BOSTON — The Boston Bruins missed the Stanley Cup playoffs last season for the first time in eight years largely because of their inability to score — they ranked 22nd in the NHL with 2.55 goals per game.
So Boston added a new general manager, picked up a 20-goal scorer in free agency, and, on Friday, showed off some tweaks to their style of play at the first day of training camp.
New general manager Don Sweeney, who took over for Peter Chiarelli last May, reworked the Bruins' roster over the summer and made his biggest splash by signing forward Matt Beleskey to a five-year, $19 million contract as an unrestricted free agent.
Beleskey and the new-look Bruins made their official on-ice debut Friday at TD Garden, as the Bruins held their first practices. Beleskey, who scored a career-high 22 goals for the Anaheim Ducks last season, was thrust into the spotlight as the left wing on a line with offensive-minded Bruins David Krejci and David Pastrnak during one of three practice sessions.
"I'd like to take a lot of responsibility for helping this team," Beleskey said. "Coming in and making a difference, that's what I want to do. They went out and gave me a great contract, and I was very grateful for that, and I'm going to work hard and do my best to repay them for that."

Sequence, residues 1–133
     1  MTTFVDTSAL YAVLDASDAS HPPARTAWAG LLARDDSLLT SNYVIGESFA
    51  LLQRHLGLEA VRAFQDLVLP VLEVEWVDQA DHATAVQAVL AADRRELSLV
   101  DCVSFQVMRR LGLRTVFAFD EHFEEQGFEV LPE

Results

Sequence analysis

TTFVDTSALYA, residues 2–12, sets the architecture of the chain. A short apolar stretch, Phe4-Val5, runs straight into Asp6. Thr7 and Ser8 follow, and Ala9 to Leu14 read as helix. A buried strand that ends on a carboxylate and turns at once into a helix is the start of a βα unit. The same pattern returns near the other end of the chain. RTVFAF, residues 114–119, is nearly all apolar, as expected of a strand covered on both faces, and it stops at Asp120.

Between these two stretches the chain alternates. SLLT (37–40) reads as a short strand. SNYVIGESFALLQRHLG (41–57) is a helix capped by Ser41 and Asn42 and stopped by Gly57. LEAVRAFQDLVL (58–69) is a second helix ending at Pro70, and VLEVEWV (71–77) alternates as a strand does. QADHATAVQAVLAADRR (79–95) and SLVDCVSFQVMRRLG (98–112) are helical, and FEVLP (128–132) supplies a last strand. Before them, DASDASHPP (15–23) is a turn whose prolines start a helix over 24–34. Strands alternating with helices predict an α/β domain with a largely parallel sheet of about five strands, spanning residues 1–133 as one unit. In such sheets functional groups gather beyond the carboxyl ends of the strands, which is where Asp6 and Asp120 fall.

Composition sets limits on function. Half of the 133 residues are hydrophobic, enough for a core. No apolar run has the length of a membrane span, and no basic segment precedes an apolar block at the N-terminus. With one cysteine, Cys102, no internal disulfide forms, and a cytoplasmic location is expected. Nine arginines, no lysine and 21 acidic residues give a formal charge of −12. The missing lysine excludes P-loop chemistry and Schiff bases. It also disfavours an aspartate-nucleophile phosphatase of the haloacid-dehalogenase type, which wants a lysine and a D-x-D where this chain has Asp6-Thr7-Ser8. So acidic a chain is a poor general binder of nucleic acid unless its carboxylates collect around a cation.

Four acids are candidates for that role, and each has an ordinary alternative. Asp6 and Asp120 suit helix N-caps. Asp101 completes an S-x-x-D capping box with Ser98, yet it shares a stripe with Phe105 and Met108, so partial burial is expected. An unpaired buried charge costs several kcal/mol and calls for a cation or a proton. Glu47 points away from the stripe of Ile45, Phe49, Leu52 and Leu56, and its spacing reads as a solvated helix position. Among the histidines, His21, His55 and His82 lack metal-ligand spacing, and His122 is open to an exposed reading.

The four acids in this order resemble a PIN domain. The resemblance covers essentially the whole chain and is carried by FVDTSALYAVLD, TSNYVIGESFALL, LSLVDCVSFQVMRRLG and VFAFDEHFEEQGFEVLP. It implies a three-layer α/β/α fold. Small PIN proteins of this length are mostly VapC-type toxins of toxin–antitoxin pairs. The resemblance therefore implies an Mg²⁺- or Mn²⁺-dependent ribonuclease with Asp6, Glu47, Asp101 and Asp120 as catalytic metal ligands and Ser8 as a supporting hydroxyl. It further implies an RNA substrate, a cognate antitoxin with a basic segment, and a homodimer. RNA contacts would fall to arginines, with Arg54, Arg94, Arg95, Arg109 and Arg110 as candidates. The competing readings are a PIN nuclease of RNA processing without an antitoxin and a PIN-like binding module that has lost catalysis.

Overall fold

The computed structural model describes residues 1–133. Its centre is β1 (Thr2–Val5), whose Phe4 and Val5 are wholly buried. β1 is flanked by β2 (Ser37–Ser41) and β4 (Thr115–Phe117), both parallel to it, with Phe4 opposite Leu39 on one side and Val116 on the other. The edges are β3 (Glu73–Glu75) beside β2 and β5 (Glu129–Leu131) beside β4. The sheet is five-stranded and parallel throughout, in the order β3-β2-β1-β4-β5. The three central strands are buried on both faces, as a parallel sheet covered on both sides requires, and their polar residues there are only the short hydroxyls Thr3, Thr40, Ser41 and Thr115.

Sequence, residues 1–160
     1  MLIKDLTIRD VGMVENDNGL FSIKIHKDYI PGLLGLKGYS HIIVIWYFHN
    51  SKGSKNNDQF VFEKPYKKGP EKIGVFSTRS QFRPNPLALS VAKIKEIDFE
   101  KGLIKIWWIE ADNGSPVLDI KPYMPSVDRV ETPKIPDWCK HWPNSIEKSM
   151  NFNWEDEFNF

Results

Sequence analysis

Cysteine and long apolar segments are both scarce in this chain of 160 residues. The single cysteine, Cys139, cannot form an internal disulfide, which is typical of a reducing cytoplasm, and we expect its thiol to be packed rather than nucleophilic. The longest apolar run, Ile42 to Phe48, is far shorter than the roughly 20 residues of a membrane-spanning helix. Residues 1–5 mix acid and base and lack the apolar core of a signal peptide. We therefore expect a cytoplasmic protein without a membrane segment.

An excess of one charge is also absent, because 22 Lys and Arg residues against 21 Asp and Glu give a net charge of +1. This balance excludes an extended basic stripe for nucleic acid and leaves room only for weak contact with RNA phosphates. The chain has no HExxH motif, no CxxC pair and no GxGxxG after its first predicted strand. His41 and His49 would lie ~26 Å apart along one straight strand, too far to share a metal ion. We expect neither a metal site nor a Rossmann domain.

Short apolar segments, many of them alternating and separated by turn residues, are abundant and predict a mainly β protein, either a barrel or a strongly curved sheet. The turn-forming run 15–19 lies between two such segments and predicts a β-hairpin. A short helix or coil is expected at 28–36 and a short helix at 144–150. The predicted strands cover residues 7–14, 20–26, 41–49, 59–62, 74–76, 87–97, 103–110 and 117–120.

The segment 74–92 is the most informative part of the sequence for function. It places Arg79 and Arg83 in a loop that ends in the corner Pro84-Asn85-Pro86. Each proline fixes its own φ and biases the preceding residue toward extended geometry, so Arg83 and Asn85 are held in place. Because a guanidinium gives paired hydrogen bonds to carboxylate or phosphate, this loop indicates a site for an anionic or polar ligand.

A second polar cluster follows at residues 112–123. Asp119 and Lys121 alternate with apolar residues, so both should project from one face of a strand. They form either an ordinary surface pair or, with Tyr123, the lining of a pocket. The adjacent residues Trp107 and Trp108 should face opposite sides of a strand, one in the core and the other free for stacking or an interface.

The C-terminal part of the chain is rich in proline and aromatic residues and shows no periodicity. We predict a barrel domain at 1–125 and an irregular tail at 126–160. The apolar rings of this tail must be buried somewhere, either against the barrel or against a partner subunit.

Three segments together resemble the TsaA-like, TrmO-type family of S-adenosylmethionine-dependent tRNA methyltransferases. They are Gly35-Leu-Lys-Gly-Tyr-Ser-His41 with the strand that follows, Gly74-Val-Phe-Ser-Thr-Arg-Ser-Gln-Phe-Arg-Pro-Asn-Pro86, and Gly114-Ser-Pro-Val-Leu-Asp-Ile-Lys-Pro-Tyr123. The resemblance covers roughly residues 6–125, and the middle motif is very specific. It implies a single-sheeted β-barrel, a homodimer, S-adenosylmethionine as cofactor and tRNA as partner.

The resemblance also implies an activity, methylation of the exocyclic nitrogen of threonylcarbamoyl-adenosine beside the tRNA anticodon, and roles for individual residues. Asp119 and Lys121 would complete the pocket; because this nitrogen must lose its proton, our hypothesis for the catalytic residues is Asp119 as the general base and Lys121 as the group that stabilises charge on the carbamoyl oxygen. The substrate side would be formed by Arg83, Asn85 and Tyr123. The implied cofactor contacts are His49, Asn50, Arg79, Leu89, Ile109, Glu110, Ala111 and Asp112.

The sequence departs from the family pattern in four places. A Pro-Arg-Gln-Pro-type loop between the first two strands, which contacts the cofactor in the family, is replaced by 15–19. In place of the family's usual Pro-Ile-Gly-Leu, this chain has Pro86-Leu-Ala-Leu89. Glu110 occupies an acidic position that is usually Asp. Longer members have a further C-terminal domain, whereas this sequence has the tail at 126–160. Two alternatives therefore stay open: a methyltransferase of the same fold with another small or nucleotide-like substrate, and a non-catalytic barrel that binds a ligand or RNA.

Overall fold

Many of the 60 players at camp were fresh faces as the Bruins returned from a summer filled with turnover. Popular players Milan Lucic and Dougie Hamilton were traded, and other role players left via free agency. Beyond Beleskey, Sweeney notably added Dorchester-native Jimmy Hayes at forward from the Panthers for Reilly Smith.
But considering they missed the playoffs by just two points — their 96 points were the most ever by a team that failed to reach the postseason — the Bruins didn't see a need for across-the-board change.
Sweeney retained coach Claude Julien for a ninth season, but with an agreement that there would be adjustments to the coach's system. Those changes were evident during practices Friday, as the Bruins have altered their breakout to move the puck faster up ice.
Julien said the Bruins needed to adapt to keep up with the hockey landscape.
"This game changes and what happened in the past is that we had some great breakouts with the way teams forechecked," Julien said. "The game's evolved, the teams have started forechecking a little bit more aggressively with Ds pinching and stuff like that."
Returning players are on board with the modifications.
"We were a pretty good hockey team last year, didn't miss the playoffs by much," Krejci said. "We need to play with a little bit quicker pace. If you look at this NHL compared to 10, 15 years ago in the league, there are younger guys, and they're not too big or they're ... skilled and small and fast."